Putting a Price on Innovation: Measuring a Firm’s Ability to Adapt


A company’s success depends on its ability to develop innovative solutions to problems, and a company’s culture will determine how well those solutions are implemented. However, innovation and culture are difficult qualities to define and hard to measure. Some analysts compensate for this difficulty by using more easily measured substitutes, such as research and development (R&D) spending, when valuing a company’s future prospects.

Barry Jaruzelski, creator of the Global Innovation 1000 Study, has been analyzing R&D investment at the biggest-spending public companies in the world. He published the first version of his annual study in 2005, and he warns against confusing dollar amounts spent on research with the future profits that could result from that research. According to Jaruzelski, his study’s long-standing finding is that that a company’s financial performance and innovativeness do not correlate with how much it spends on R&D.

Anne Marie Knott, professor of strategy at Olin Business School, agrees that R&D spending alone is not a good indicator of a company’s performance. “The trouble is,” she wrote in Harvard Business Review, “it’s also hard to measure strategic alignment and culture, let alone link them to profitability or market value.” Knott has developed a measure for R&D productivity that she calls RQ, short for research quotient.

Knott’s RQ equation uses a standard regression analysis to define the relationship between a firm’s spending on inputs and its revenues from output. Knott notes that “economists have been calculating capital and labor productivity for years — that is, determining the marginal value of increasing either one.” She argues that R&D productivity can be determined using the same method. Both the RQ equation and the Global Innovation 1000 Study show that the link between research and innovation is not as simple as more research dollars leading to more innovative breakthroughs.

A 2014 report from Bernstein Research found that tech companies with the lowest R&D spending were some of the best performers on Wall Street, further complicating the relationship between research spending and financial performance. And companies that change their R&D strategies make things even murkier. In some cases, a struggling company could enhance future prospects by spending less money on unproductive research, but in other cases a firm may be committing economic suicide by closing down lines of research before they can deliver new profits.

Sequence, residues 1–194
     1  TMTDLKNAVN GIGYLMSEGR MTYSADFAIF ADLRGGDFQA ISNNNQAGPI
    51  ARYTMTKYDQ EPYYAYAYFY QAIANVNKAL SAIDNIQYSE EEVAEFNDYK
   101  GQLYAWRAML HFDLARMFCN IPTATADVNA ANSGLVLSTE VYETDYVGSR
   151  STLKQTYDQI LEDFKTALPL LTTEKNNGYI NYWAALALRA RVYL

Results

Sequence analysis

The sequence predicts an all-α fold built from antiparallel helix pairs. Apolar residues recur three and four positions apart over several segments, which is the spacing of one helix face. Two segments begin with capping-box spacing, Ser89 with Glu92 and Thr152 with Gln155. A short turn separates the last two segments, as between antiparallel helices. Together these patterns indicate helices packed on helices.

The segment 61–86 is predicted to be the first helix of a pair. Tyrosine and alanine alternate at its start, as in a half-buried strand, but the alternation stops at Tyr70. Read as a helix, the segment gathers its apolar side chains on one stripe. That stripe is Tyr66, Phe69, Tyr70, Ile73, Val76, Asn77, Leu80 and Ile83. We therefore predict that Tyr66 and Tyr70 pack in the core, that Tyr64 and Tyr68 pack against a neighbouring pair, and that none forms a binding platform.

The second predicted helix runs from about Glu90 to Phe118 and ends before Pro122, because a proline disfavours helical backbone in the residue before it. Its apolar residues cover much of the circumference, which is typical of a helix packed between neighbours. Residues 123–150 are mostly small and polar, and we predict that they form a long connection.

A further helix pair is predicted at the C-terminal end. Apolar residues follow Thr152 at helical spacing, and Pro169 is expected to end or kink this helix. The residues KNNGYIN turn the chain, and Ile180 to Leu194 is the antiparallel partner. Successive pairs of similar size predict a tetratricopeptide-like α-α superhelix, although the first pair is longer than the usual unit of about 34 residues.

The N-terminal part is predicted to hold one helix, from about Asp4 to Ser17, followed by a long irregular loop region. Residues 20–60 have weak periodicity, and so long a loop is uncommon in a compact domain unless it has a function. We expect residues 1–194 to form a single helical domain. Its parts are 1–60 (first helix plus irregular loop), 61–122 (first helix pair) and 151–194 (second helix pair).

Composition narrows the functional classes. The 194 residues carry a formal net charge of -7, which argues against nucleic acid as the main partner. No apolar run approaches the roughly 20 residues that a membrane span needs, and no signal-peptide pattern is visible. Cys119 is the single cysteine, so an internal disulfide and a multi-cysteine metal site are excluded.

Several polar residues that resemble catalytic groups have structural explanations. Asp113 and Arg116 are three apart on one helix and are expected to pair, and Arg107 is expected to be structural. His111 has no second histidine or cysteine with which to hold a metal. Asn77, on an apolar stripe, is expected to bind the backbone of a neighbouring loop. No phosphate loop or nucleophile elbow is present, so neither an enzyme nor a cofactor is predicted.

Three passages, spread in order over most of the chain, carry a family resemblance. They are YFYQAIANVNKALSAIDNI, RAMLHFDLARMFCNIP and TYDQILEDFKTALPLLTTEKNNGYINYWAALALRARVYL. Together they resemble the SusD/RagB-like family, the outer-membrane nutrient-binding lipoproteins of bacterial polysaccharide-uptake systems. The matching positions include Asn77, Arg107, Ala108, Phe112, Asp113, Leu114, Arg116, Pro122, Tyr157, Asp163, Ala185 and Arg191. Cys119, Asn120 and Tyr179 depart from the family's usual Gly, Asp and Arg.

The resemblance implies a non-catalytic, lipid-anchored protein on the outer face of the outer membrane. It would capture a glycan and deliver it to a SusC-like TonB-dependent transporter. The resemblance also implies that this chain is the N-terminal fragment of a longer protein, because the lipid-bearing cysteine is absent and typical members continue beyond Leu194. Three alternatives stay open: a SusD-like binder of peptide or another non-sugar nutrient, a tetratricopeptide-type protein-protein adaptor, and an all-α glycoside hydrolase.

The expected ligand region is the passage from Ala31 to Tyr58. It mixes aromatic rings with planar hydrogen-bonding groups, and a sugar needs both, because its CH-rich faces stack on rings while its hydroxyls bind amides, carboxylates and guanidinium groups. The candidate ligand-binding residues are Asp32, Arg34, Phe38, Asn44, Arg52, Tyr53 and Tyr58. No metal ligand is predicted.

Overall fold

Clayton Christensen, the professor of business administration at Harvard Business School credited for creating the phrase “disruptive innovation,” has concerns about firms making short-term choices to boost their financial performance. “Because of the way we measure things, it doesn’t make sense to do what makes sense.” Christensen warns that too often companies are pursuing short-term oriented “efficiency innovations” rather than long-term, disruptive innovations that increase overall economic growth and job creation.

Equity analysts trying to assign value to companies are left with challenging questions when looking at a firm’s R&D spending — whether enough money is being spent on research, whether a firm could benefit from changing the amount of money dedicated to R&D, and whether changes to an R&D strategy offer the potential for long-term improvement or merely pursuit of the world’s dumbest idea.

At the 68th CFA Institute Annual Conference in Frankfurt, Knott will lead a master class on measuring and valuing the productivity of R&D investment. Online registration for the event is closed, but you can follow social media highlights from the event and watch select conference presentations online.

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All posts are the opinion of the author. As such, they should not be construed as investment advice, nor do the opinions expressed necessarily reflect the views of CFA Institute or the author’s employer.

Photo credit: ©iStockphoto.com/jane_kelly

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